|Airlie Beach; courtesy of Google Maps|
To make swimming matters worse, the entire coastline is subject to swarms of Box Jellyfish (Chironex fleckeri) from October to April. This almost-invisible menace is arguably the world's most venomous animal,
with a severe sting causing death in as little as two minutes. They are not little jellyfish either - their tentacles are up to three metres long when fully extended. To deal with this threat and the lack of suitable swimming beaches, the town's shoreline features a man-made beach that is fully enclosed from the ocean, and it is here where all bathing takes place.
|Great Bowerbird, Airlie Beach|
|Helmeted Friarbird, Airlie Beach|
Walking further along the foreshore footpath, a stand of eucalypt trees also contained bird species that were new to me. Most conspicuous were the Helmeted Friarbirds (Philemon buceroides), which were no less boisterous than the Noisy (P. corniculatus) variety I've written about before. They shared their surrounds with Figbirds (Sphecotheres vieilloti), which I expected to be the yellow northern race, but were instead identical to the ones I see in Brisbane. Most intriguing, however, was a metallic creaking noise coming from some eucalypts further back in the park. Treading carefully over dry leaves and scanning the trees above, I suddenly saw movement out of the corner of my eye and turned to see this magnificent Red-tailed Black Cockatoo (Calyptorhynchus banksii).
|Red-tailed Black-Cockatoo, Airlie Beach|
For the rest of the trip, we based ourselves at the lovely Island Gateway Holiday Park at nearby Jubilee Pocket, only a short walk back into the town of Airlie Beach. The grounds of this caravan park were lush with tropical vegetation, and I was impressed with the abundance of birdlife there as well. My favourite avian residents were the Plumed Whistling-Ducks (Dendrocygna eytoni) that were always on the lookout for an easy meal. Gathered around a feeding table, they reminded me of a certain blog I like to follow.
|Plumed Whistling-Duck, Jubilee Pocket|
These bold birds became regular visitors to our corner in the park, and their daily schedule seemed to mostly involve wandering from camp to camp while whistling for food.
|Plumed Whistling-Ducks, Jubilee Pocket|
My sister welcomed them more than the Shield Huntsman Spider (Neosparassus species) she found hiding on the back of her camp chair.
|Shield Huntsman Spider, Jubilee Pocket|
A more dangerous animal was to be seen on one of our day trips to the nearby Proserpine River.
Joining a Whitsunday Crocodile Safari tour, we set a course down the mangrove-lined waterway, with expert guide Col doing his best to find us an Estuarine Crocodile (Crocodylus porosus) or two. Being a cloudy, cool and showery morning, I had my doubts about spotting one for the first ten minutes, until we rounded a bend in the river and my jaw dropped.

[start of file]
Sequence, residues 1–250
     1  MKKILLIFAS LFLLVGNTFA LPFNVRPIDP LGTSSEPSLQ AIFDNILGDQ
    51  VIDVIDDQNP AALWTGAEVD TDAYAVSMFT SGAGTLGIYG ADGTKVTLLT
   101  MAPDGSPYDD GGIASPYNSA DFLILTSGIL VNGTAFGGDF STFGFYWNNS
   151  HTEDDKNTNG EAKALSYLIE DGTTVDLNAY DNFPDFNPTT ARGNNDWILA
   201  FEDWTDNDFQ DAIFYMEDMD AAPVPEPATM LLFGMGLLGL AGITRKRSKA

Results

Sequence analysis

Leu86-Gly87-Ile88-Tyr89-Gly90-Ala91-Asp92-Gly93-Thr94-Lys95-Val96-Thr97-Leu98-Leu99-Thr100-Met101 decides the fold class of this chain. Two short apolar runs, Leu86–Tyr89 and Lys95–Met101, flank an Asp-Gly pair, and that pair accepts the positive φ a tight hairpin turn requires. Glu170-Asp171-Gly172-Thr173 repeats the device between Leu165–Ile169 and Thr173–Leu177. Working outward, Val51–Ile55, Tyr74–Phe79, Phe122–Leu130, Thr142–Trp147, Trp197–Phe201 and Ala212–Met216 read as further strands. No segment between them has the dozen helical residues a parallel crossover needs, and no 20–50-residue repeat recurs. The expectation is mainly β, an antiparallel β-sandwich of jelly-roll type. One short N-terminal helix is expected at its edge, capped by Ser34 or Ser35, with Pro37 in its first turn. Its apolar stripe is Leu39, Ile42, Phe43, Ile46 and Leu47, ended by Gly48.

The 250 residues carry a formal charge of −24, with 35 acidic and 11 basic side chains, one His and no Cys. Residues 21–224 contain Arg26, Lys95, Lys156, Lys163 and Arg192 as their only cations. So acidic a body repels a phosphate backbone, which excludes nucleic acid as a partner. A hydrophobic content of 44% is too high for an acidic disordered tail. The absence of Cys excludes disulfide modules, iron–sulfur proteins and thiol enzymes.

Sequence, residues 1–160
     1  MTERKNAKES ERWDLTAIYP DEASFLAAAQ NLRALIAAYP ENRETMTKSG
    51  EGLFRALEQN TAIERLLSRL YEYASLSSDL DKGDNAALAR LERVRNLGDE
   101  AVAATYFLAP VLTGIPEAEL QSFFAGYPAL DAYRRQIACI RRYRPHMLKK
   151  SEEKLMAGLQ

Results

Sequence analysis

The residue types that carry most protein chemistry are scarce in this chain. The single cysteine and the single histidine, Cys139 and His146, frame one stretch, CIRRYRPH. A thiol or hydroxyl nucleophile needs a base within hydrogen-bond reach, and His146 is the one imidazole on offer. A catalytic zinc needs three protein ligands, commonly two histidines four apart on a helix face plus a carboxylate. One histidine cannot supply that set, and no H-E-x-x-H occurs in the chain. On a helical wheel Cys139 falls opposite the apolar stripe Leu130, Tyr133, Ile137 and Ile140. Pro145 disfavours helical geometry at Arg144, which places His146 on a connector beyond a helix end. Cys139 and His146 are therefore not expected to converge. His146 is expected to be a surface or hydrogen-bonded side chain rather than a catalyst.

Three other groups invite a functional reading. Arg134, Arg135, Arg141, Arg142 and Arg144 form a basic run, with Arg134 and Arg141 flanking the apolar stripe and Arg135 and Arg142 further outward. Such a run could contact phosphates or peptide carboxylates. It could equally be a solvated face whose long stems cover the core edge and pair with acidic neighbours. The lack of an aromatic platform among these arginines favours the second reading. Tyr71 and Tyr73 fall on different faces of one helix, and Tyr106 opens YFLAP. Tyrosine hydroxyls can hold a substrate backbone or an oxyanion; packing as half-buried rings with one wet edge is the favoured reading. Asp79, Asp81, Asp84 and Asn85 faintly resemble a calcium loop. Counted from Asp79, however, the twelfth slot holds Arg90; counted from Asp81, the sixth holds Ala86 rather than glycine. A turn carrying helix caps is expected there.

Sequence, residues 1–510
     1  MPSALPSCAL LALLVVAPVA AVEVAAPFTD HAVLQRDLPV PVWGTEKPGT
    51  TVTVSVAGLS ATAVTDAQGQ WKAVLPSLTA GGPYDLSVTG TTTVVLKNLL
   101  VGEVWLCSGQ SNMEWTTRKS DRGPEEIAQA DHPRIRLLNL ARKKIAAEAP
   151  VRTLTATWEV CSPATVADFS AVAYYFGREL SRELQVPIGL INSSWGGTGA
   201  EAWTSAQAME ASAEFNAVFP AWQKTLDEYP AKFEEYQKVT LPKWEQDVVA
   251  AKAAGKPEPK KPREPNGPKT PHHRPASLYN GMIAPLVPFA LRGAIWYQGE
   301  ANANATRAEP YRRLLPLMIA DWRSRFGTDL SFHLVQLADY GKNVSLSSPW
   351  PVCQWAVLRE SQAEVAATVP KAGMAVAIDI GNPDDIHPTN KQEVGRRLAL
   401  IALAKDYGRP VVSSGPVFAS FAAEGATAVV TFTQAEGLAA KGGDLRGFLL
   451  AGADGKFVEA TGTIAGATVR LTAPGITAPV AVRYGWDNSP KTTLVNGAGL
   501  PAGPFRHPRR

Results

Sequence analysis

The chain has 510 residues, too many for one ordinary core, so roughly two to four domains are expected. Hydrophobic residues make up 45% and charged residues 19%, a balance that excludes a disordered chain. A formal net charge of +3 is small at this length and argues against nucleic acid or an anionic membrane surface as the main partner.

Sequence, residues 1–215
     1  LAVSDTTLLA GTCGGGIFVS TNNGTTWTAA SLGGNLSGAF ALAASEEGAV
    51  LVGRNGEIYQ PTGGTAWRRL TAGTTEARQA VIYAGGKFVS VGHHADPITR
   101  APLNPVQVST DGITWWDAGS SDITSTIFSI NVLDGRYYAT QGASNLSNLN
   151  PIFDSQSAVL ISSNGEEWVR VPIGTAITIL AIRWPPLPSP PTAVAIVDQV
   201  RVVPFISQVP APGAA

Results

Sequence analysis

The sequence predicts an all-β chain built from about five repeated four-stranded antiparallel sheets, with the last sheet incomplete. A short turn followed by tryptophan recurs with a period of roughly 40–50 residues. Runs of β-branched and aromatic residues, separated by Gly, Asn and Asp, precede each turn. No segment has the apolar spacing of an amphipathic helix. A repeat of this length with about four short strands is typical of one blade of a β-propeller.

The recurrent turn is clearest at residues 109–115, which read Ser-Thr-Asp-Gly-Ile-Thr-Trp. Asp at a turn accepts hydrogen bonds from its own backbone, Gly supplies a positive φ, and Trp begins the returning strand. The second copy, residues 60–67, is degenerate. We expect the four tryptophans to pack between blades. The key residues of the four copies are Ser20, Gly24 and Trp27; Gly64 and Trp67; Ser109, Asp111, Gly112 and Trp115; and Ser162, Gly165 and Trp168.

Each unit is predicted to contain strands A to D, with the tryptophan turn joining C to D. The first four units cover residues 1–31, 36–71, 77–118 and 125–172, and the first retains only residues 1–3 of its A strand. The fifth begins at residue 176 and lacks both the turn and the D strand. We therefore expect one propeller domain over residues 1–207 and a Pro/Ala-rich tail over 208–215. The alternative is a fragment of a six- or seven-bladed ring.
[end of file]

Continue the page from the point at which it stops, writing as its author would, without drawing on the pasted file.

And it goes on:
|Estuarine Crocodile, Proserpine River|
It was a strange, humbling and unsettling experience to meet an animal that was in some ways my superior. I felt suddenly silly, standing on a metal float with my fellow mammals, all of us pointing at a creature that existed when our ancestors were just rodents. As the morning progressed, however, we spotted more of these females basking on the mangrove banks and I began to feel comfortable again... until I saw this appear for just the briefest of moments.
|Estuarine Crocodile, Proserpine River|
It's only in the water that the power, grace and potential of this species becomes apparent. Without the boat and the mobile phone and the bottled water and the supermarket food, I wouldn't stand a chance against this thing. Civilisation exists so that we don't have to deal with this basic survival aspect anymore. If we did and we happened to share our territory with a predator of this size (up to seven metres long, weighing two tonnes), we would lose the contest easily. I don't mean to say all this to promote the fear and persecution of Crocodiles - rather the opposite in fact. My time on the Proserpine River left me feeling a level of awe and reverence that I've never felt for an animal before - and I am someone with already healthy levels of respect for nature. But in the presence of a King like this, how could I not feel that way?
|Black Kite, Proserpine River|
Also on the wetland tour, I saw my first Agile Wallaby (Macropus agilis). This species is restricted to northern Australia and is also found in Papua New Guinea.
|Agile Wallaby, Proserpine River|
Back at the Holiday Park, the wildlife sightings continued with a Black Butcherbird (Cracticus quoyii) seen skulking in the thicket behind my tent, and a tiny Stony-creek Frog (Litoria wilcoxii) spotted jumping around the toilet block one evening.
|Stony-creek Frog, Jubilee Pocket|
Island Gateway Holiday Park also offers daily bird-feeding sessions at 4pm and because of my busy tour schedule, I only had time to see this on my very last day. I was glad I made the effort though - as you can see, I got to know the locals very well!
|Rainbow Lorikeets (Trichoglossus haematodus), Jubilee Pocket|
The only thing more colourful than these birds were the fish I saw whilst diving off the Whitsunday Islands - you can see them in the final part of my trip report tomorrow!